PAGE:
50-year plan recommends spending $463 million to save species in Sonoma County
A 50-year recovery plan for endangered species in the Santa Rosa Plain, including the California tiger salamander, will require the purchase of thousands of acres of habitat from Cotati to Windsor and continued study at a cost of $436 million.
That's according to officials from the U.S. Fish and Wildlife Service, which recently released a draft plan for recovery of the imperiled amphibian and three plants — Sonoma sunshine, Burke's goldfields and Sebastopol meadowfoam.
The plan, part of a settlement agreement with the Arizona- based Center for Biological Diversity, is recommended to ensure survival of the species.
'The salamander is suffering so many threats pushing it to the brink of extinction,' Collette Adkins Giese, a senior attorney with the center, said Friday. 'We need to do everything we can to make sure they don't vanish.'
Fish and Wildlife officials are seeking comment on the 146-page document, both in writing and at a public meeting in mid-January, before finishing it in about 18 months. Comments will be accepted through Feb. 9, spokeswoman Sarah Swenty said, but only written comments will be added to the official record.
The exact time and place for the hearing has not been set, she said.
Swenty said the actions suggested in the plan are voluntary and not regulatory in nature. She compared it to a recently adopted $1.24 billion tidal marsh recovery plan for Northern and Central California.
'Basically, we are describing what the species need,' said Josh Hull, a recovery division chief for Fish and Wildlife.
Among the recommended steps by 2065 is the acquisition of portions of a 47,000-acre 'critical habitat' zone running through the heart of Sonoma County.
Wetlands and grasslands in defined areas could be purchased by nonprofit groups or with government grants and held in preserved status, keeping the land free of housing or vineyard development blamed for species destruction.
Only willing landowners would participate, officials said.
The plan also calls for the creation of seasonal pools for salamander breeding and continued research on topics such as roadway mortality and predator control.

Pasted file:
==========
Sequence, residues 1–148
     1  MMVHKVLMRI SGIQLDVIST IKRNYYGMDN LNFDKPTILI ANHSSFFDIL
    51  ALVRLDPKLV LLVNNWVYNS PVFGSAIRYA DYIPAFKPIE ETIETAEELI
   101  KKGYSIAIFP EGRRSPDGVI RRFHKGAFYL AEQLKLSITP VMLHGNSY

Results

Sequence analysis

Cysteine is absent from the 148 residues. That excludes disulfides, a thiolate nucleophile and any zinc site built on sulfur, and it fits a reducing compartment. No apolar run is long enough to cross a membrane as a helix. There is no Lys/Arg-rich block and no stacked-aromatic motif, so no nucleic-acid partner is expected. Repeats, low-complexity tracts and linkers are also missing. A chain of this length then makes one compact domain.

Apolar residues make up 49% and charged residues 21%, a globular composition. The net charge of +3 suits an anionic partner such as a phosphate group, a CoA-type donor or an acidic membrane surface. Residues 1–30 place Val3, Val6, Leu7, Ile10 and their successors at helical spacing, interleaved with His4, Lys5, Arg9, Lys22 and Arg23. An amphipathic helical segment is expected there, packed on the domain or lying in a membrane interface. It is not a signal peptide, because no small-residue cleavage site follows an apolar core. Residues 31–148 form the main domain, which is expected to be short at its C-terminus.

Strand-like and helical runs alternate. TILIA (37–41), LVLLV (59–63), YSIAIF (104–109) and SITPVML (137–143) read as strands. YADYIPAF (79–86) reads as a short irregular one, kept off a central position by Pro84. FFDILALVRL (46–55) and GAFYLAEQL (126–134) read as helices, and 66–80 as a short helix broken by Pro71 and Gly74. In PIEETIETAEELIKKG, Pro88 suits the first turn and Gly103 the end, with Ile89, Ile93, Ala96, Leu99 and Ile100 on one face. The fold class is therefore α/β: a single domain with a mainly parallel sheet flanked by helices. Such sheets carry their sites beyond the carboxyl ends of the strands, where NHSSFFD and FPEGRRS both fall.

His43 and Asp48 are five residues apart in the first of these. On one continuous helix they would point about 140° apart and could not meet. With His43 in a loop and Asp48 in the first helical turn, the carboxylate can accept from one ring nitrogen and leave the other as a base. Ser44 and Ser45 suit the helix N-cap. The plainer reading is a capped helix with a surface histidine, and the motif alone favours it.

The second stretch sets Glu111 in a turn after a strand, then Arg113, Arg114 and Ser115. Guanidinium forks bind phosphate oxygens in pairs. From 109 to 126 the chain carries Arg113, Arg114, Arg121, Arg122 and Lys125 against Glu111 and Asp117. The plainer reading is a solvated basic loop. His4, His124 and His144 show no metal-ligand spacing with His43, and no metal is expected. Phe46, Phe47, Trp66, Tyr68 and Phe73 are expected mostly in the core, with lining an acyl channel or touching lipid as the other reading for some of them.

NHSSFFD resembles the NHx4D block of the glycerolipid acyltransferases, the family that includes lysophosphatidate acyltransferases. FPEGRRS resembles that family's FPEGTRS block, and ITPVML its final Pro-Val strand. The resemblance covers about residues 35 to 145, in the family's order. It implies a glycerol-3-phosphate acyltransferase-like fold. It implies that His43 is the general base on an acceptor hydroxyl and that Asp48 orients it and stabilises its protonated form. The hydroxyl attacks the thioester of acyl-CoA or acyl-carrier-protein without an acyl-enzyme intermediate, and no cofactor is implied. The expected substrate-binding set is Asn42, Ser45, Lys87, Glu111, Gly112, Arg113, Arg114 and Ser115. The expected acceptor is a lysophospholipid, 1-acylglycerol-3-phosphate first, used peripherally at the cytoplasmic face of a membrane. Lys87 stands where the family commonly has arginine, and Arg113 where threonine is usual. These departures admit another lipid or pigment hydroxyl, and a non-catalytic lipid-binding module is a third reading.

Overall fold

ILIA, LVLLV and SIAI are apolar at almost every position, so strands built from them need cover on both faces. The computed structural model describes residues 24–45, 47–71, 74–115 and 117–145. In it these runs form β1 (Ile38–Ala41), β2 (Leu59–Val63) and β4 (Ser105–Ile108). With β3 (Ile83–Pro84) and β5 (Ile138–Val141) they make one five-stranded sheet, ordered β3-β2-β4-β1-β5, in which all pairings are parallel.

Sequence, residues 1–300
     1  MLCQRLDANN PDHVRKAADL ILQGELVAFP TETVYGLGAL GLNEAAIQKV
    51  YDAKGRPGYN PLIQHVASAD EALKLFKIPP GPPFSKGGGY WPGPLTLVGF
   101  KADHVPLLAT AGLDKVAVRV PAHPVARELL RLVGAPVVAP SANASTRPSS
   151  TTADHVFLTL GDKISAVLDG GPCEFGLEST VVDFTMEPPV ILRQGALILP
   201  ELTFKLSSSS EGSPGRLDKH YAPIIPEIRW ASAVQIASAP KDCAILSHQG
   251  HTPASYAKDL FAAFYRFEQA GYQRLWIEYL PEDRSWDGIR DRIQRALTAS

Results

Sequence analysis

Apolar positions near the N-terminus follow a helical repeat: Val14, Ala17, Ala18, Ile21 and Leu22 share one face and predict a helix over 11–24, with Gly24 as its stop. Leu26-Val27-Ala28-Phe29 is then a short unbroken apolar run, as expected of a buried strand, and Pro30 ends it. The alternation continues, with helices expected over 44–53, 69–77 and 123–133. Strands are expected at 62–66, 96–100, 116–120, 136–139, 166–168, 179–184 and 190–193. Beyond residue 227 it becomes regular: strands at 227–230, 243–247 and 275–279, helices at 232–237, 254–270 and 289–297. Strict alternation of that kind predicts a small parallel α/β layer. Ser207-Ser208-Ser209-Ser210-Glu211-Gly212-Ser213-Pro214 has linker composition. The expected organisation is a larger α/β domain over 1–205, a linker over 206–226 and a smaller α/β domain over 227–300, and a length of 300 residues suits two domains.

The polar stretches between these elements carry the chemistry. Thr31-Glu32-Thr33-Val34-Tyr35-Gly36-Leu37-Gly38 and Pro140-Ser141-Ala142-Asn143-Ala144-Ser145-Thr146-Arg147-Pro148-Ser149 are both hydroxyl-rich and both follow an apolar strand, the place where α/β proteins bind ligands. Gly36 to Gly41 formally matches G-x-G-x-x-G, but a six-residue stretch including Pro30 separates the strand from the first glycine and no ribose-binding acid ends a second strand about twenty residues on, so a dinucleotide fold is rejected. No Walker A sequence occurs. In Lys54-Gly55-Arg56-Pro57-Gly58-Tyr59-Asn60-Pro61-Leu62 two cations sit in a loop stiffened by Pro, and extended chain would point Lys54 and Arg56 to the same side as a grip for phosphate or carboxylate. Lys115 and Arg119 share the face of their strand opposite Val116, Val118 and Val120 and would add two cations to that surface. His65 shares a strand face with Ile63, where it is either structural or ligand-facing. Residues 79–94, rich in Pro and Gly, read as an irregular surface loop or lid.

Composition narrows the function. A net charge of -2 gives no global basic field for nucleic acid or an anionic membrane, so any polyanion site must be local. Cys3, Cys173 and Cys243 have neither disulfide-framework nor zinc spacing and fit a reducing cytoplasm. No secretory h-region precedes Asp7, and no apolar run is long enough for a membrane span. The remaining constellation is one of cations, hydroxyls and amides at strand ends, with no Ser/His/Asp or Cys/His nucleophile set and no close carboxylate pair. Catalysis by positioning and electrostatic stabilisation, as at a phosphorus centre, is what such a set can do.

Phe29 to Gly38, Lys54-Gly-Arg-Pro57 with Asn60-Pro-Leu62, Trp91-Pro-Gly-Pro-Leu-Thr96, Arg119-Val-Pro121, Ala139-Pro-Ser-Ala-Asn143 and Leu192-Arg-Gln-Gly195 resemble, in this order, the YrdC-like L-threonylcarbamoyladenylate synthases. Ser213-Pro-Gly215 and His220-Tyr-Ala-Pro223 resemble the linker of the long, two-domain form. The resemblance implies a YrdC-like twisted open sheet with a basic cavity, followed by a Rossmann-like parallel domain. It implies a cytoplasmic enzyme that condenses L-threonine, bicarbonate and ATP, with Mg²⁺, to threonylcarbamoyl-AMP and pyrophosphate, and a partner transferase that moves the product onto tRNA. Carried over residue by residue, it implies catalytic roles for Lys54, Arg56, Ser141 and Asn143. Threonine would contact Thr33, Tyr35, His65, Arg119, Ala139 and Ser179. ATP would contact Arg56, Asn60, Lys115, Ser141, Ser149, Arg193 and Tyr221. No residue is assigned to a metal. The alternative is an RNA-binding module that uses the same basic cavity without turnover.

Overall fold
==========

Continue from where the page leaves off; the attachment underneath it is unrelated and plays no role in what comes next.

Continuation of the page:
Plant species recovery involves identifying habitat and collecting and storing seeds.
The goal with all species is to make them flourish again and one day remove them from protected status, officials said.
Local government and conservation officials had little to say Friday about the plan, released Thursday. A spokeswoman for the Laguna de Santa Rosa Foundation said she had not read it and could not comment.
Jennifer Barrett, deputy director of the county's planning department, said it was under review by a staff member. Barrett said it didn't appear to suggest new regulation beyond what has already been adopted.
'I really don't expect it to be controversial or have any impact we don't already have under the Endangered Species Act,' Barrett said. 'It's usually a good thing that there's a plan to recover the species.'
But housing industry officials were skeptical.
Keith Woods of the North Coast Builders Exchange said the cost seemed high. That kind of money could pay for higher priorities like hiring more teachers and police officers and improving roads and parks, he said.
'People in construction understand that protecting endangered species is important, but at a price tag of $463 million over 50 years we should all need to agree this money is well spent,' Woods said.
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You can reach Staff Writer Paul Payne at 568-5312 or email@example.com. On Twitter @ppayne.
Editor's note:This story has been altered to reflect the following clarification: Federal wildlife officials will take public comment at a meeting next month on a draft species recovery plan for the Santa Rosa Plain, but only written comment will be added to the official record.